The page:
Also, since the retirement plans pass outside of a living trust, this must be considered in the drafting. If the bulk of a client’s net worth is in a retirement plan, then the desired result may not be obtained under the living trust. While this sounds obvious, it is easy to overlook if focused on drafting the estate plan.

  1. Overlooking the impact of federal and state estate tax. We all know there is a federal estate tax and we advise our clients about the current federal estate tax exemption and how it impacts them given their net worth. The federal estate tax exemption is not likely to be overlooked. However, what can be overlooked is what the estate plan says about payment of estate tax. Suppose there is a piece of real property held in joint tenancy. What does the living trust say about payment of the estate taxes on that joint tenancy asset? If it is supposed to be paid by the joint tenant, how will the trustee collect the estate taxes from that joint tenant? If there are specific distributions to be made to individuals, does the estate plan address whether or not those distributions are made free of estate tax? There are real economic consequences that result from these issues, so the boilerplate estate tax provisions need to be reviewed in each case to ensure the correct result.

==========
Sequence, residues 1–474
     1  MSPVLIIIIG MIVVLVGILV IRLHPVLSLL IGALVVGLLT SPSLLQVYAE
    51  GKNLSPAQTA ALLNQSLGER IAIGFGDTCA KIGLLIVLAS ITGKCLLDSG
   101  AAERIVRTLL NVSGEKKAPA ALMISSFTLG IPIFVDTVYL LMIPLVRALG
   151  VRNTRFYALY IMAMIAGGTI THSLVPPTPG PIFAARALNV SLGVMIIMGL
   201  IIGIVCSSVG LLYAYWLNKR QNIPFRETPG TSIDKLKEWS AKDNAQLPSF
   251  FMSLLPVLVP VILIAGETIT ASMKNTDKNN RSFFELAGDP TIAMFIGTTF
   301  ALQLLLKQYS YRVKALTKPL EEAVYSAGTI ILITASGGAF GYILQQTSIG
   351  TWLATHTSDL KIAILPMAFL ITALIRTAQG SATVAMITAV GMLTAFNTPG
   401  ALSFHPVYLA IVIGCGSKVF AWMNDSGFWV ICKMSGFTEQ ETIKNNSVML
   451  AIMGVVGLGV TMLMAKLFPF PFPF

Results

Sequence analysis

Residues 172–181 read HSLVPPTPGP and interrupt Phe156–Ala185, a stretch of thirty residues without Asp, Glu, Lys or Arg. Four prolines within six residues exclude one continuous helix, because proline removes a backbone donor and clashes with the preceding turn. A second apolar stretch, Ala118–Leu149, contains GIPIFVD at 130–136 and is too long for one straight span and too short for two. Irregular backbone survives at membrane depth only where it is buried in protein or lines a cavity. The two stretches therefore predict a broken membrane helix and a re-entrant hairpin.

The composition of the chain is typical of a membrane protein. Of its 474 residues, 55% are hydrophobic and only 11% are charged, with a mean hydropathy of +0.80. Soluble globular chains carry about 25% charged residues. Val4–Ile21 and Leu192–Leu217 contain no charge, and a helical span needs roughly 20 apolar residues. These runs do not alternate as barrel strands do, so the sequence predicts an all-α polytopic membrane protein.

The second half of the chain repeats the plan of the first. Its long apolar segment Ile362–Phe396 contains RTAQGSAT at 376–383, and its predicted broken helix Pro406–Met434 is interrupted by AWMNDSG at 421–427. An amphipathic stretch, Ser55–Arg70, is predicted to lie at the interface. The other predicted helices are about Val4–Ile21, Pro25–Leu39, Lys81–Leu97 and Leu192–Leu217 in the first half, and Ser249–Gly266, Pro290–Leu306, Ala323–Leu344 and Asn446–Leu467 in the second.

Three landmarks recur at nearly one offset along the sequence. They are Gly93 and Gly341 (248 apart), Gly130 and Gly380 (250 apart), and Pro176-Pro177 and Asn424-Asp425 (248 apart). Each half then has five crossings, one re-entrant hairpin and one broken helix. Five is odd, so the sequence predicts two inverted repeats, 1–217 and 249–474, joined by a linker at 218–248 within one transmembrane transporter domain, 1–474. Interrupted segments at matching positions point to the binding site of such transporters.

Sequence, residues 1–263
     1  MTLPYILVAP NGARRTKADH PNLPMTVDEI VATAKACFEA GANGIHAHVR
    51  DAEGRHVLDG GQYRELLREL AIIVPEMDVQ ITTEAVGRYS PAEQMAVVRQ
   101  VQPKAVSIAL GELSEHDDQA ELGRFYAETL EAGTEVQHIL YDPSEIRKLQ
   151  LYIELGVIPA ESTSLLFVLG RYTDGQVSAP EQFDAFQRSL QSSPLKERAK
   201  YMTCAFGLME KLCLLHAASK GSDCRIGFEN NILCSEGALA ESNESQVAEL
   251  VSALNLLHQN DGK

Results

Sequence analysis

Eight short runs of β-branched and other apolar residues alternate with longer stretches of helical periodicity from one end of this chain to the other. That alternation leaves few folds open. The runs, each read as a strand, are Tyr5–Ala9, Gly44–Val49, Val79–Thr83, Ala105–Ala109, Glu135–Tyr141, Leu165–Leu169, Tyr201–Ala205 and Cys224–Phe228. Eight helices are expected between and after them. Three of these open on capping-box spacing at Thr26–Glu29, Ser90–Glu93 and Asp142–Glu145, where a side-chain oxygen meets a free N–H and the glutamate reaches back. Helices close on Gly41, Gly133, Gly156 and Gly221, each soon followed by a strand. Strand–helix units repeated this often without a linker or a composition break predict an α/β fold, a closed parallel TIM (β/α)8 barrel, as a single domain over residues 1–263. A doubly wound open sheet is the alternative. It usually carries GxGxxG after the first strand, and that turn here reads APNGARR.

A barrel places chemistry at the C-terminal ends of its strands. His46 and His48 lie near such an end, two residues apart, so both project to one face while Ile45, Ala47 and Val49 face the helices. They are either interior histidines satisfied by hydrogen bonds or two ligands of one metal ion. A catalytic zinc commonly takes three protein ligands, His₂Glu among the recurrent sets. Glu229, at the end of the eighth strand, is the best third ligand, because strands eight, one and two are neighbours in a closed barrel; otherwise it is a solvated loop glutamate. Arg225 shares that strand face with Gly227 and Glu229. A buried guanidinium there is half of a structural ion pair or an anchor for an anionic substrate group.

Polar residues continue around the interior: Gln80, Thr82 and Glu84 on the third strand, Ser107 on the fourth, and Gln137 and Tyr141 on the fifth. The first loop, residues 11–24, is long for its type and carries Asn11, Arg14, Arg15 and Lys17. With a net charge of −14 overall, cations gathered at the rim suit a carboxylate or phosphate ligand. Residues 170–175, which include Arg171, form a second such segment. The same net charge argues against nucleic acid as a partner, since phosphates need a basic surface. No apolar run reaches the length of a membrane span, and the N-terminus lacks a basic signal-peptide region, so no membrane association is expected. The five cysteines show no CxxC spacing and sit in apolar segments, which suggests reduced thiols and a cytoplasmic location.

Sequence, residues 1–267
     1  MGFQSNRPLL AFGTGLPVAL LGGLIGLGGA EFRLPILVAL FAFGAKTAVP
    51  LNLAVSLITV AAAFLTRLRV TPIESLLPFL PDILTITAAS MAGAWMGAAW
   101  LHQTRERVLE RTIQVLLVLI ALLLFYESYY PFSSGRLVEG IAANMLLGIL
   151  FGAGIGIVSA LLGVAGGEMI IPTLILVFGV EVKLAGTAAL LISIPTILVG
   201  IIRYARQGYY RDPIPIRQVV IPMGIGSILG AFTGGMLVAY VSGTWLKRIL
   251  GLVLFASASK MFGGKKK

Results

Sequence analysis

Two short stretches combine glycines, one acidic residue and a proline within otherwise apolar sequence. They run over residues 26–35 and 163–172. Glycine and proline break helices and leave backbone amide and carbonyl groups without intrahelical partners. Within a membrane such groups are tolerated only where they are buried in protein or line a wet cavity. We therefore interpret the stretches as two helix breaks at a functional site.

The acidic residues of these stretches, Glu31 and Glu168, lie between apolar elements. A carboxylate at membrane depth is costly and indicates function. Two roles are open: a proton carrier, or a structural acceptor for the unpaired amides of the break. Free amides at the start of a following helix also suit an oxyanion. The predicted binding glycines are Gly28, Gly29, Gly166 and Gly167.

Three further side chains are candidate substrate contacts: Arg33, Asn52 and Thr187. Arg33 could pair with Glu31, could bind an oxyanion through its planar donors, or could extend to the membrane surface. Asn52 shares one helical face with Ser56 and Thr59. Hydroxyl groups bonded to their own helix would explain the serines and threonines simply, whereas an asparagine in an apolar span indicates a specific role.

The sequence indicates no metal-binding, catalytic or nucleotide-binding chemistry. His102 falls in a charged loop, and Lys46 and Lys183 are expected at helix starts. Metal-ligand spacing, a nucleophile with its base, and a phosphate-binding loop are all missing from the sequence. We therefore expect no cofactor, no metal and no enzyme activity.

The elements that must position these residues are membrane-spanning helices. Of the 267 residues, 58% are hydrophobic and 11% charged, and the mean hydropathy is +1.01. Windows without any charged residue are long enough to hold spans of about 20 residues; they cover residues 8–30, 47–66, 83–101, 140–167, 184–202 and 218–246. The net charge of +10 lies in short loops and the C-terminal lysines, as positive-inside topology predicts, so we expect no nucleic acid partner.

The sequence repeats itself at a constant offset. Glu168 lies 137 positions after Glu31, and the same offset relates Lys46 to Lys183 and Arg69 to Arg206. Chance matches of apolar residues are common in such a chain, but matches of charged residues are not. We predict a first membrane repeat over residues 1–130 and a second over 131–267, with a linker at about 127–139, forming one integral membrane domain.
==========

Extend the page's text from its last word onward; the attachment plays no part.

In addition to the federal estate tax, some states have a state estate tax. We no longer have a state estate tax in California, but that does not mean we can ignore the issue for our clients. If a client owns real property in another state, we must evaluate if that state has an estate tax and how it would apply to our clients.

  1. Too many seats at the table. A fairly common approach to dividing assets among different groups of beneficiaries is to give the separate groups a percentage. This creates a number of problems by giving that beneficiary a seat at the table, so to speak. A beneficiary that is entitled to a percentage of the estate will be concerned with any and all issues that effect the value of the estate, such as valuation issues and costs of administration, because each of these will impact the amount ultimately received by that beneficiary. On the other hand, a beneficiary that receives a specific dollar amount need not be concerned with issues, since it does not change his or her distribution. Where possible, encourage clients to stay away from percentages or formulas that can back fire. Instead, select a dollar amount that they are comfortable with and review it periodically.